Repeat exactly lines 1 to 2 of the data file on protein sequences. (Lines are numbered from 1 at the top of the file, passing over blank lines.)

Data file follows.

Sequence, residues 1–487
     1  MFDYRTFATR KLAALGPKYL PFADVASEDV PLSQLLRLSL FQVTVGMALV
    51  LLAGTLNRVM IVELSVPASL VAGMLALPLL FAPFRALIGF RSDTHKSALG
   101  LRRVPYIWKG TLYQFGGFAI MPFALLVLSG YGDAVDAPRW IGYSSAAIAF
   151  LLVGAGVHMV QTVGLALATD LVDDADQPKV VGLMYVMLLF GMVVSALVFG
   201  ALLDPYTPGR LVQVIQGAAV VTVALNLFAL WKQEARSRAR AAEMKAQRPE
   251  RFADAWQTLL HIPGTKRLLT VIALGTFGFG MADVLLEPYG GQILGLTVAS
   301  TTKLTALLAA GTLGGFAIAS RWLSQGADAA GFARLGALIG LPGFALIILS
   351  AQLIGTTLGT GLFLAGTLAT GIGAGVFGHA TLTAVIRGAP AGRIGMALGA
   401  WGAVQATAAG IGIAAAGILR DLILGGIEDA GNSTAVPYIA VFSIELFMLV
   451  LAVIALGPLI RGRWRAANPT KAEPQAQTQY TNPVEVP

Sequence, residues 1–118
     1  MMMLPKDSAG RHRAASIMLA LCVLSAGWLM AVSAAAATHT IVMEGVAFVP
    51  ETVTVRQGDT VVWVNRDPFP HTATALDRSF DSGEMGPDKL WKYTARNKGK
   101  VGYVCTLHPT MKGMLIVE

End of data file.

Sequence, residues 1–487
     1  MFDYRTFATR KLAALGPKYL PFADVASEDV PLSQLLRLSL FQVTVGMALV